The first stock trading day following the change of the head at the China Securities Regulatory Commission (CSRC), China's securities watchdog, the A shares had an auspicious start which reflected investors' confidence and expectations for the markets.
Yi Huiman, then chairman of Industrial and Commercial Bank of China, delivers a speech during the 2017 China Banking Development Forum in Beijing on August 24, 2017. (Photo: IC)
As of the end of the morning session, the Shanghai Composite Index rose by 0.32 percent to 2,610 points, while the Shenzhen Component Index rose by 0.57 percent to 7,639. points. A total of 18 stocks rose to their daily trading limit of 10 percent across the two bourses. Banking stocks showed good performance in the morning session, with shares of the Industrial and Commercial Bank of China (ICBC) rising by 0.72 percent as of press time, while Bank of China saw its shares rise by 0.55 percent.
The A-share markets got off to a flying start after Yi Huiman, the former chairman of the ICBC, took office as new head of the CSRC to replace Liu Shiyu.
Liu's new position is deputy Party secretary of All China Federation of Supply and Marketing Cooperatives, according to the official website of the federation.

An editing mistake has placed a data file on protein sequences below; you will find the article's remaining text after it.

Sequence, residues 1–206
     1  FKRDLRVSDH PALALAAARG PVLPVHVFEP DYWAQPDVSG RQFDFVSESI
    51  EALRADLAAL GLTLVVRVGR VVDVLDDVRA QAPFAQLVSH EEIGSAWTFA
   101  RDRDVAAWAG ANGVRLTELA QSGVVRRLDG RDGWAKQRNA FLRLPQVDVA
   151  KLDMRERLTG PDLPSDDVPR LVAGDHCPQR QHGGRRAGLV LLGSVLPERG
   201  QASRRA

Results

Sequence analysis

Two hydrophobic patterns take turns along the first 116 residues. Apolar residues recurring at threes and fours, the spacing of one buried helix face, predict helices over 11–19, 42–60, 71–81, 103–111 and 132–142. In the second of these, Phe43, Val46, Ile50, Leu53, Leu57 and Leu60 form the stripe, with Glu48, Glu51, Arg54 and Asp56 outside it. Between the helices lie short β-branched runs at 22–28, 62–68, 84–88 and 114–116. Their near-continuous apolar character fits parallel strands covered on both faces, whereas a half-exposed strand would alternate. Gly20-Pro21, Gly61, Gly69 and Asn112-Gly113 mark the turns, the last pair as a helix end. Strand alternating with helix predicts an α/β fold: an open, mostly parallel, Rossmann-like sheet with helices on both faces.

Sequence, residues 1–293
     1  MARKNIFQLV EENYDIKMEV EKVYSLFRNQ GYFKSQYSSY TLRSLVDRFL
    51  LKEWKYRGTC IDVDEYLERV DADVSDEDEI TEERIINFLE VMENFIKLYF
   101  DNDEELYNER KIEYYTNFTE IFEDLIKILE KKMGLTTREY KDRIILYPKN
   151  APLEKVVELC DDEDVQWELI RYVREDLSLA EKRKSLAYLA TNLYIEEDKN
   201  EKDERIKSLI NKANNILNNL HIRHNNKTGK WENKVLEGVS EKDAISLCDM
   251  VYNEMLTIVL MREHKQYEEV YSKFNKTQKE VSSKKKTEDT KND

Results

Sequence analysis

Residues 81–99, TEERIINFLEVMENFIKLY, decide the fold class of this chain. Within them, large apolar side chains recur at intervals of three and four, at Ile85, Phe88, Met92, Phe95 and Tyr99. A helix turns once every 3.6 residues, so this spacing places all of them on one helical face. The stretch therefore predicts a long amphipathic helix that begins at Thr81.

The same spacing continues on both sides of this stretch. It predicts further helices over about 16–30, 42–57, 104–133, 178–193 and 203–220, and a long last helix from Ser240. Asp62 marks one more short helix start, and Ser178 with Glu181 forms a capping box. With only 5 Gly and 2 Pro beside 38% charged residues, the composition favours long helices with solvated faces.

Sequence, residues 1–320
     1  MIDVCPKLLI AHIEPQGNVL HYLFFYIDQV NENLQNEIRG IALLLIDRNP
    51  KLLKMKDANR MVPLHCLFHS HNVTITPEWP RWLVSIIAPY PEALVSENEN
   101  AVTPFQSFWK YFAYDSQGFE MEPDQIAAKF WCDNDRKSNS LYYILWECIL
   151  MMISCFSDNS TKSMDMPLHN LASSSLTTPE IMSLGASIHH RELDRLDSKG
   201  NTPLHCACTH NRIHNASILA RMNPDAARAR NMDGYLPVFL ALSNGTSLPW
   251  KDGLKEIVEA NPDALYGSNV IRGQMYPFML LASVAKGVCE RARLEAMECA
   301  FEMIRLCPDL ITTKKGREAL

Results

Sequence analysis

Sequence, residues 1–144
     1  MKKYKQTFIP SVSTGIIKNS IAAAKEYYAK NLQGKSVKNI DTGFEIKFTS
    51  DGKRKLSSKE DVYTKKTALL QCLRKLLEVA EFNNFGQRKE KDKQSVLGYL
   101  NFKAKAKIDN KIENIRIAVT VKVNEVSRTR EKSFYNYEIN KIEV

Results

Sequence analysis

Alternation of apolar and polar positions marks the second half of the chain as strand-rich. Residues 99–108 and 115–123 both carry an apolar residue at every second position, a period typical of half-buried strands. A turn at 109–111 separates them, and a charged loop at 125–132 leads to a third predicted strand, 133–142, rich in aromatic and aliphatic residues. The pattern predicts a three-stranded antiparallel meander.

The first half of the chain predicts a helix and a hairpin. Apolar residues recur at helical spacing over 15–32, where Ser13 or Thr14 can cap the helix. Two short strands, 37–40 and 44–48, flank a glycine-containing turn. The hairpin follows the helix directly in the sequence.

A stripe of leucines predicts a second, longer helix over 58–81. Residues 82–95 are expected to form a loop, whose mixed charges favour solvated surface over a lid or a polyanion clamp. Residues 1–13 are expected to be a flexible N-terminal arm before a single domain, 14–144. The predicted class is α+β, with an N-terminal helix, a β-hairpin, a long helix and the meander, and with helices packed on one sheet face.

The A-share investors' reaction to the CSRC head change shows the hope that investors had that the new leader would bring a new beginning for the A share market, experts said.
"Currently, the A-share markets are bottoming out. Overseas capital is increasingly flowing as 'bottom fishing', demonstrating that the A-share markets are already displaying their value for medium-term and long-term investment. The change of the CSRC head at this time, shows the government's inclination to 'care for' the market, while trying to inject confidence and support for the markets," Yang Delong, chief economist at the Shenzhen-based First Seafront Fund Management Company, told the Global Times on Monday.
But Dong Dengxin, director of the Finance and Securities Institute at Wuhan University of Science and Technology, cautioned that although investors had looked for a new leader (to rally the markets), it's unlikely that the problems of A-shares would fundamentally change in the short term, just because of the change of the CSRC head.
"A-share reform measures, like nurturing of institutional investors and the removal of overly administrative intervention, are unlikely to be resolved in a very short term," he told the Global Times on Monday.